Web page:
Flexbox Techniques You Need to Know About

Since flexbox is a whole module and not a single property, it involves a lot of things including its whole set of properties. Some of them are meant to be set on the container (parent element, known as “flex container”) whereas the others are meant to be set on the children (said “flex items”).

If a regular layout is based on both block and inline flow directions, the flex layout is based on “flex-flow directions”. Please have a look at this figure from the specification, explaining the main idea behind the flex layout.

Here are some techniques we think may come in handy.

Creating Fully Responsive Grids

Most developers rely on CSS frameworks when creating responsive grids. Bootstrap is the most popular one but there are hundreds of libraries that can help you with this task. They usually work well and have tons of options, but tend to be quite heavy. If you are a DIY person or don’t want to implement a whole framework just for the grid, flexbox has you covered!

A row in the flexbox grid is simply a container with display:flex. The horizontal columns inside it can be any amount of elements, setting the size of which is done via flex. The flex model adapts to the viewport size, so this setup should look fine on all devices. However, if we decide there isn’t enough space horizontally on the screen, we can easily turn the layout into a vertical one with a media-query.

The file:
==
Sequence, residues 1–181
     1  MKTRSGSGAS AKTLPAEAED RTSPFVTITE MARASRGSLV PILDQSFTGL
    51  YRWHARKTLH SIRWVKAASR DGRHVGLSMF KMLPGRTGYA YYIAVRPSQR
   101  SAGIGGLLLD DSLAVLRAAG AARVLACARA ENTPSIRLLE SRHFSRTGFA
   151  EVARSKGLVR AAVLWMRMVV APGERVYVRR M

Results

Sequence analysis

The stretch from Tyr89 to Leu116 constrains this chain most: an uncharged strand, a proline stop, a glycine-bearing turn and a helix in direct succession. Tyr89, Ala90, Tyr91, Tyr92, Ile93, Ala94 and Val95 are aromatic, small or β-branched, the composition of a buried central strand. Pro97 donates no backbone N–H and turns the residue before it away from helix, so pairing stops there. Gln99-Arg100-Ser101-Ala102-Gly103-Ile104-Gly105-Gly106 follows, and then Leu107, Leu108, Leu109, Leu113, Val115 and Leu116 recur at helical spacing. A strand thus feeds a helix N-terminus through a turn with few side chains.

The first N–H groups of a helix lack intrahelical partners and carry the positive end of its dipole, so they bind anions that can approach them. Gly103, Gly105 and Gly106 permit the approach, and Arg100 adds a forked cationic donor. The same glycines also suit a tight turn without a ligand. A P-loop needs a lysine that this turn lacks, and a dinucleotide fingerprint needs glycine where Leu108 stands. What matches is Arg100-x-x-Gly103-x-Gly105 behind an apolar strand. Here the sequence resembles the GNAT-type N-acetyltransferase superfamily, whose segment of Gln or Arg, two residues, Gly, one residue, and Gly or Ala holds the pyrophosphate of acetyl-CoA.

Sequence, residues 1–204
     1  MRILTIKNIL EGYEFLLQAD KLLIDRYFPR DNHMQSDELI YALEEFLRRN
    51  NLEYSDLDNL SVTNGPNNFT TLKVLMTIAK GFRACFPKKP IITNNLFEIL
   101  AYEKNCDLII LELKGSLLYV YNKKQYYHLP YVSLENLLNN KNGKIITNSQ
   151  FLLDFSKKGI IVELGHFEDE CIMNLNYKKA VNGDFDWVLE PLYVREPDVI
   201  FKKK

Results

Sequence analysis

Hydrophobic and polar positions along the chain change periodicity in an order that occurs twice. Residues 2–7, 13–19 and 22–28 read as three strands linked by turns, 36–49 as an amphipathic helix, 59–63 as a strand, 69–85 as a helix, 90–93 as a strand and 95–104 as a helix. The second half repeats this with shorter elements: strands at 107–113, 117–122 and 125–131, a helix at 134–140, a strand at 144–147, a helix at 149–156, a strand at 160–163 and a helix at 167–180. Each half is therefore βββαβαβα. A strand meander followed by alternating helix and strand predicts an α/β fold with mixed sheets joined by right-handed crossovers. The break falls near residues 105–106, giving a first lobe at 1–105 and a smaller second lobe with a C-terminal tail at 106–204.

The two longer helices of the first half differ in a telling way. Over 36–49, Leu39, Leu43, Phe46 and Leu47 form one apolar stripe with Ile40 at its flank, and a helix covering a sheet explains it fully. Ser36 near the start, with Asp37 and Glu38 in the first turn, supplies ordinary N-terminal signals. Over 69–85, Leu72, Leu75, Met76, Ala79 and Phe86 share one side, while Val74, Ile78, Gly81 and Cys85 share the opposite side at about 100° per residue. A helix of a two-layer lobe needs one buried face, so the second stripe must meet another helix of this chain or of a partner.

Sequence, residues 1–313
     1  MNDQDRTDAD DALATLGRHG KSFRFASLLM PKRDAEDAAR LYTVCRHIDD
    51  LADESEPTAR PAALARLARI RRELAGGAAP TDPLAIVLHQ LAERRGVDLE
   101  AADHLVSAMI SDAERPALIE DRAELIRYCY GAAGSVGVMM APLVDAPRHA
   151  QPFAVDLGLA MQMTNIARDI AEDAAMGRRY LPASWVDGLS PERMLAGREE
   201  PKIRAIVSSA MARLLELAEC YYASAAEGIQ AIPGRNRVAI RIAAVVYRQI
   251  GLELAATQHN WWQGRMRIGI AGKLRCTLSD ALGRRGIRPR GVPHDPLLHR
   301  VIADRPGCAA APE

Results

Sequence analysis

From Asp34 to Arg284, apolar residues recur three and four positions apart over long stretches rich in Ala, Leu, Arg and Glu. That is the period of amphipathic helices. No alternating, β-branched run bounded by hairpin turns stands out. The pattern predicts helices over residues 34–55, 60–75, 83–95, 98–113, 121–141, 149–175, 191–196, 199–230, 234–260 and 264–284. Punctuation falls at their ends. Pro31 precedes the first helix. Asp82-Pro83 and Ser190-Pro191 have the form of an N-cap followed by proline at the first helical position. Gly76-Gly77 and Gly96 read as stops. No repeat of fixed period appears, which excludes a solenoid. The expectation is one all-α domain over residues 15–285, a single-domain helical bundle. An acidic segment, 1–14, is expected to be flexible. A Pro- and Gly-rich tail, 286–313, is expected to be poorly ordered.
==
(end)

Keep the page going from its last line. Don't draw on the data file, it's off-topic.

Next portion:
<div class="container">

    <!-- This column will be 25% wide -->
    
<div class="col-1">...</div>


    <!-- This column will be 50% wide -->
    
<div class="col-2">...</div>


    <!-- This column will be 25% wide -->
    
<div class="col-1">...</div>


</div>

.container{
display: flex;
}

/* Classes for each column size. */

.col-1{
flex: 1;
}

.col-2{
flex: 2;
}

@media (max-width: 800px){
.container{
/* Turn the horizontal layout into a vertical one. */
flex-direction: column;
}
}

Reordering Elements

A while ago, if we had to dynamically change the order of some elements, we would probably try some CSS hack, quit in frustration, and go do it with JavaScript. With flexbox, however, this task comes down to applying a single CSS property.

It’s called order and just like its name everything about it as straightforward as possible.


<div class="container">

    <!-- These items will appear in reverse order -->

    
<div class="blue">...</div>

    
<div class="red">...</div>

    
<div class="green">...</div>


</div>

.container{
    display: flex;
}

/* Reverse the order of elements */

.blue{
    order: 3;
}

.red{
    order: 2;
}

.green{
    order: 1;
}

Horizontal And Vertical Centering

Flexbox offers an easier solution to the problem. Every flex layout has two directions (X axis and Y axis) and two separate properties for their alignment. By centering both we can position any element right in the middle of its parent container.


<div class="container">

    <!-- Any element placed here will be centered both horizontally and vertically -->

    
<div>...</div>


</div>

.container{
    display: flex;

    /* Center according to the main axis */
    justify-content: center;

    /* Center according to the secondary axis */
        align-items: center;
}

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